The take-away is that near misses happen in many different circumstances.

Reducing the likelihood of a near miss

It is important to take steps to reduce near misses: if we don’t take action, the Swiss cheese holes will line up much more often and possibly lead to injury – or worse.  Some risk management professionals describe near misses as precursors to accidents, but in the study described above, the construction workers thought of near misses as precursors to injuries.  (The distinction being, they explained, that accidents are inevitable – but near misses are preventable or manageable.) 

That mindset suggests two things: there are ways to reduce near misses; and we can learn from our near misses.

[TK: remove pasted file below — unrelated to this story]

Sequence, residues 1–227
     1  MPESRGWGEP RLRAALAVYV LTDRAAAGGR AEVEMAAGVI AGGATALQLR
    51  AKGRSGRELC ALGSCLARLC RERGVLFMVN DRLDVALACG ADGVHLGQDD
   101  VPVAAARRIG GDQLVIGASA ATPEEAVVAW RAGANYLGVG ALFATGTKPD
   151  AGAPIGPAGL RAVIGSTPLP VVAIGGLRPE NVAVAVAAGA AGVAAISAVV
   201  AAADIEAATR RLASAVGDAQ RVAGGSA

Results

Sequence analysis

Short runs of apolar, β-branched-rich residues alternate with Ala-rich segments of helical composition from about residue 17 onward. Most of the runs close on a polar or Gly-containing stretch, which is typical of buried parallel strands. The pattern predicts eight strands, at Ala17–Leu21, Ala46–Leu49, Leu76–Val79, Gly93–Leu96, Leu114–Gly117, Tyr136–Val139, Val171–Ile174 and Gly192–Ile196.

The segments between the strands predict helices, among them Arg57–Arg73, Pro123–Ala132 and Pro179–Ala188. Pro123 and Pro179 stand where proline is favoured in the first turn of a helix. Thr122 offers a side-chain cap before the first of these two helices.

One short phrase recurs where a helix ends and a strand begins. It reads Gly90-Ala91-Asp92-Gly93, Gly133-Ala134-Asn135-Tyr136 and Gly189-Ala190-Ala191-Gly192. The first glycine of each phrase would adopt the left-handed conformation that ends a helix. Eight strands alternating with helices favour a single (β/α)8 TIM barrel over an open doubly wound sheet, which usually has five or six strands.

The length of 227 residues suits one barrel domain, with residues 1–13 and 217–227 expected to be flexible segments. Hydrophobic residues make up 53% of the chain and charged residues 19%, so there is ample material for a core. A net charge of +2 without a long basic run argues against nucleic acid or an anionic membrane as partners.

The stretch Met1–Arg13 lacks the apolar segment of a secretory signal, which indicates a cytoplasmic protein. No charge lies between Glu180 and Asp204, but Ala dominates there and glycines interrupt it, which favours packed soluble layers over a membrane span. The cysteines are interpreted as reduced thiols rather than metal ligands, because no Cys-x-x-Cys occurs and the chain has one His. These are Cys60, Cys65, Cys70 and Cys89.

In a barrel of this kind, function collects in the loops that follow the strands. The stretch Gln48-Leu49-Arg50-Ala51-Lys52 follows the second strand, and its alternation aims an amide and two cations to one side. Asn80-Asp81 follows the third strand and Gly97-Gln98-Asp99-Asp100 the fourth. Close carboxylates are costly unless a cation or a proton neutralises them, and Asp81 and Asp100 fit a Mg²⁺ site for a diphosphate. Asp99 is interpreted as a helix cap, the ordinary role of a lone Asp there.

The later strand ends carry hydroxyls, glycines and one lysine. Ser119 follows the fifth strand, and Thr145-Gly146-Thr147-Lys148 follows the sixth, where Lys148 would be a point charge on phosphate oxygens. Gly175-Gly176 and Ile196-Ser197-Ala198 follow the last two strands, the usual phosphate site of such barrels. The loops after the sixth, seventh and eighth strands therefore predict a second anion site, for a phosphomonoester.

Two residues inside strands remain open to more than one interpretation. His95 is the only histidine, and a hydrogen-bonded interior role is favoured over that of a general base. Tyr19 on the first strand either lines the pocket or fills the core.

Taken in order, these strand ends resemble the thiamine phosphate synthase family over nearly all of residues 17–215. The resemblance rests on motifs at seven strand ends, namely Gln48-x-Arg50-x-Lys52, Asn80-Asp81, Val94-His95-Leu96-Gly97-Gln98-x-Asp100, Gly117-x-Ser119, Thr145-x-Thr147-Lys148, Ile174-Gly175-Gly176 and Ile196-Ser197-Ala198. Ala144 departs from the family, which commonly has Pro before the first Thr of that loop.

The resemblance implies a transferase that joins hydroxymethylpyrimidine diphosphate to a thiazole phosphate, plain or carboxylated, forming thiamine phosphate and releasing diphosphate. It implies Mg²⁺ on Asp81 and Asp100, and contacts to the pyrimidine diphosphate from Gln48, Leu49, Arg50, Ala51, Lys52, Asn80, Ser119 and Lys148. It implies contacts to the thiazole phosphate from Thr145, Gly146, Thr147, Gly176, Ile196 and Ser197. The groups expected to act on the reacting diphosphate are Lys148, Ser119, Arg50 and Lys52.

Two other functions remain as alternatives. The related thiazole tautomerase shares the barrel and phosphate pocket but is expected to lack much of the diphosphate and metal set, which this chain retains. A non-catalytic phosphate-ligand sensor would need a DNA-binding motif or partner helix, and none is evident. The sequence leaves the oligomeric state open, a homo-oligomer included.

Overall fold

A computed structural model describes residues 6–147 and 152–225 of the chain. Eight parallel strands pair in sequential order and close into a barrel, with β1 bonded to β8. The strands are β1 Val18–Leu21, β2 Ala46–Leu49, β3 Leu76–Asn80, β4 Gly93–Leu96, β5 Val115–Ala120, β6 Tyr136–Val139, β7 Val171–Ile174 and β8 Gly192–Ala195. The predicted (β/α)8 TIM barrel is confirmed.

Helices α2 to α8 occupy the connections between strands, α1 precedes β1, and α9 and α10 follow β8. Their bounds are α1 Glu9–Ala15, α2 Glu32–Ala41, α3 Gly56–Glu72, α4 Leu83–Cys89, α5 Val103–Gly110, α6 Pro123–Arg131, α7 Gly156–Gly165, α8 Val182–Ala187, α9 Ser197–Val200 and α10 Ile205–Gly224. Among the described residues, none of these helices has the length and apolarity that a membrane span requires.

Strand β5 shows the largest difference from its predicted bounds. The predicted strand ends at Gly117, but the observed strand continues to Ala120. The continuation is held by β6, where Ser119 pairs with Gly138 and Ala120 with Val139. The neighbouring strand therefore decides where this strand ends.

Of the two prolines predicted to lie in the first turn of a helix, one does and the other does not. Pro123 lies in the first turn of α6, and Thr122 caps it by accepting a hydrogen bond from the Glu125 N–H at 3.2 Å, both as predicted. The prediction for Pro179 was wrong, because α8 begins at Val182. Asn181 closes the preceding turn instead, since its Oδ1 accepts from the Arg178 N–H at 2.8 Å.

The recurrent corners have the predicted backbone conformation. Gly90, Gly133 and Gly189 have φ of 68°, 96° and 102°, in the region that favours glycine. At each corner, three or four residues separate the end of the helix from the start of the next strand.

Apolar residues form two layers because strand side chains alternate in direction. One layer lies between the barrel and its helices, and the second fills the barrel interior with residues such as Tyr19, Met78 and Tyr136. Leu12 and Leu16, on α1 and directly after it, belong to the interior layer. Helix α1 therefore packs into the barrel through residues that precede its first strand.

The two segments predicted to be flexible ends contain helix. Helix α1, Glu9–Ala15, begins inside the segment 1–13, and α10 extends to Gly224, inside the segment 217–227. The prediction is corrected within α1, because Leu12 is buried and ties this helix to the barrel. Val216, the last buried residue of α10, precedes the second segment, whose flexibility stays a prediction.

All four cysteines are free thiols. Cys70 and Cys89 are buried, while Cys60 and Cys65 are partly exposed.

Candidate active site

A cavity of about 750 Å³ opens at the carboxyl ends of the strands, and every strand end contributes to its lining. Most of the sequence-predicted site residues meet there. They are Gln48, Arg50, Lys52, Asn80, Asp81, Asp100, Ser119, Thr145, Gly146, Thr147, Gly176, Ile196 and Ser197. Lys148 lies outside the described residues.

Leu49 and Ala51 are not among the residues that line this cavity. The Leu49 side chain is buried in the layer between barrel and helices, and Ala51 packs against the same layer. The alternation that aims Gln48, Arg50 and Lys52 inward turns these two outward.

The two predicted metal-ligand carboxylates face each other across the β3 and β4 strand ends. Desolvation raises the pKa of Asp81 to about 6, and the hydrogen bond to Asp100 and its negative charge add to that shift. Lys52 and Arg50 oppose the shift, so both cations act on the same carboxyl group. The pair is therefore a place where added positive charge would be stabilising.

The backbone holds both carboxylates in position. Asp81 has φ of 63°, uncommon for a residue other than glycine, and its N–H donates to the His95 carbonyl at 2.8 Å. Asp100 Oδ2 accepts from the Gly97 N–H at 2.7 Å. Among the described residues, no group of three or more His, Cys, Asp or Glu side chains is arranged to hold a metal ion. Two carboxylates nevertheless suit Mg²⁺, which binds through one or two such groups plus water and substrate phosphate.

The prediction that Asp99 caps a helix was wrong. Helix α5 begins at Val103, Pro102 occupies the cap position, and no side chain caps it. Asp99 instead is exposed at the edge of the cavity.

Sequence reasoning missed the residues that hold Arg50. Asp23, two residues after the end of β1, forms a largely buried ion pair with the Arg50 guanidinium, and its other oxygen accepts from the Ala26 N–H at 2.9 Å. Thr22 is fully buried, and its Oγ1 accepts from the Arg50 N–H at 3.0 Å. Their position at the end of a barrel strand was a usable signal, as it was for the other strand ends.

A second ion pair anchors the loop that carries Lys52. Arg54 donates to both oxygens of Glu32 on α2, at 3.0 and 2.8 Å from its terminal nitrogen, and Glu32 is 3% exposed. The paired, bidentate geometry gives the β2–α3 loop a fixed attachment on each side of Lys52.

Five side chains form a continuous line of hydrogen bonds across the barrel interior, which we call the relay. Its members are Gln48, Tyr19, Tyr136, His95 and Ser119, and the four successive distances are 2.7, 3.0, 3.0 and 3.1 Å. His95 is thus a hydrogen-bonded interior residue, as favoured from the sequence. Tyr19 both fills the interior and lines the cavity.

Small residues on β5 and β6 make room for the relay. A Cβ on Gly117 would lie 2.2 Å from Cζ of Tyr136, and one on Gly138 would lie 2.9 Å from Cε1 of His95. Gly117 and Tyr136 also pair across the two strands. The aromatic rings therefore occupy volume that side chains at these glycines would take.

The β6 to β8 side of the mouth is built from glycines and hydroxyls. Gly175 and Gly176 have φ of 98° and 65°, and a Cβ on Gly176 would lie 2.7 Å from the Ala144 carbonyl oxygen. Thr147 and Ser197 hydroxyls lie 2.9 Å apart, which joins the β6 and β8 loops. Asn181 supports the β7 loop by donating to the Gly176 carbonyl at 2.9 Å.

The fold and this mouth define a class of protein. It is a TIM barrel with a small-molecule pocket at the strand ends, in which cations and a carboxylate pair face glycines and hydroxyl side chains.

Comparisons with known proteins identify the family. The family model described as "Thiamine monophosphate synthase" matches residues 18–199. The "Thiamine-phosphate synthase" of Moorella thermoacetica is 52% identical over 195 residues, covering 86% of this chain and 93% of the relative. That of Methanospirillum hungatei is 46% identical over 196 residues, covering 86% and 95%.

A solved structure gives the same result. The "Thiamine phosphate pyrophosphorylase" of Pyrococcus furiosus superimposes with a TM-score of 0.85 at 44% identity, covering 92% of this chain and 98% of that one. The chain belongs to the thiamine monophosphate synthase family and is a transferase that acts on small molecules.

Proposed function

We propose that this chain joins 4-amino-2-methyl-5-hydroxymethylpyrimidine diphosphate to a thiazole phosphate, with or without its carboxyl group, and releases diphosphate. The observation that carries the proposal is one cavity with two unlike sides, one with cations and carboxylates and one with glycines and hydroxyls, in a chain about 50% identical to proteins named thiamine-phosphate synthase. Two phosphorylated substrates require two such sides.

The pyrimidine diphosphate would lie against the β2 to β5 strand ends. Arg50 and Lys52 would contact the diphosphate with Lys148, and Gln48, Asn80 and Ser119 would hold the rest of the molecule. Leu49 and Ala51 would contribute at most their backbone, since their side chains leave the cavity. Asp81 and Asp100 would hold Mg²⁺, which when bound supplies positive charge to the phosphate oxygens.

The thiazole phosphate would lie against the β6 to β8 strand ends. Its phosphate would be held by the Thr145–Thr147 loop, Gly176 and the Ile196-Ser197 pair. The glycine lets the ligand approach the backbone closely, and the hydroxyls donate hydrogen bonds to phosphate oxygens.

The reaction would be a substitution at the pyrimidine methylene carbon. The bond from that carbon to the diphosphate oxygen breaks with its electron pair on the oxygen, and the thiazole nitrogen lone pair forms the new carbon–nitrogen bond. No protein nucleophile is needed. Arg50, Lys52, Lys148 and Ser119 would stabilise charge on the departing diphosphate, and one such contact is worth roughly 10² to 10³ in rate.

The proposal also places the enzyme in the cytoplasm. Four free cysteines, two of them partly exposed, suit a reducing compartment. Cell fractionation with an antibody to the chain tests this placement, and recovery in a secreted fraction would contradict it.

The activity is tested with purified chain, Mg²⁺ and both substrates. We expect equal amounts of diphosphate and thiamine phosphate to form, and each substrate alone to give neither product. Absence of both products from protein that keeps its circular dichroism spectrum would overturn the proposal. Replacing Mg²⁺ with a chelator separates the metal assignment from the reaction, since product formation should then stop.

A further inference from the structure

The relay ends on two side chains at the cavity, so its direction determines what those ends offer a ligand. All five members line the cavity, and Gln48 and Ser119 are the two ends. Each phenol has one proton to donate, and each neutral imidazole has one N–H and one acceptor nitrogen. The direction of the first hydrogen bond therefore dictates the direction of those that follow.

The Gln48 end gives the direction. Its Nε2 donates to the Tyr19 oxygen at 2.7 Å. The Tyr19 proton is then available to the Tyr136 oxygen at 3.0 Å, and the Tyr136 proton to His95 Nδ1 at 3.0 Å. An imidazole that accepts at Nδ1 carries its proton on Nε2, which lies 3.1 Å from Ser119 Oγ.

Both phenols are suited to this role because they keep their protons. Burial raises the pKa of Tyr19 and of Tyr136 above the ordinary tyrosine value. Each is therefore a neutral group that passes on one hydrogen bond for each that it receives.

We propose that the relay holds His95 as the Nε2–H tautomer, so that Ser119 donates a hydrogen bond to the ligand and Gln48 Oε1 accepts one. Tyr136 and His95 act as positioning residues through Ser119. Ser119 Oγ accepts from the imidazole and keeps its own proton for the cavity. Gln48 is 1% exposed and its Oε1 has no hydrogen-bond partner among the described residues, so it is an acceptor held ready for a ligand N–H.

The authors of the near misses report remarked that their study participants recommended “improved worker hazard identification, jobsite orientation, and awareness to reduce the risk of near misses and injuries.”  For us in the fishing industry this brings up training, worksite orientation, and drills.  There are several training courses available to fishermen that teach hazard recognition and situational awareness along with proper deployment of liferafts, EPIRBs, etc.  Most of these courses teach problem-solving skills and provide practice using these new skills.  On board, a captain can provide “jobsite orientation” that includes ensuring that deckhands, apprentices, and sternmen – i.e., whoever is on the boat – know how to drive the vessel; where the fuel shut-off is; and how to make a Mayday call, for starters.  On-board drills provided by a USCG certified drill instructor are required for many vessels, and a great idea for the others.  (See accompanying schedule for upcoming safety classes sponsored by Fishing Partnership.)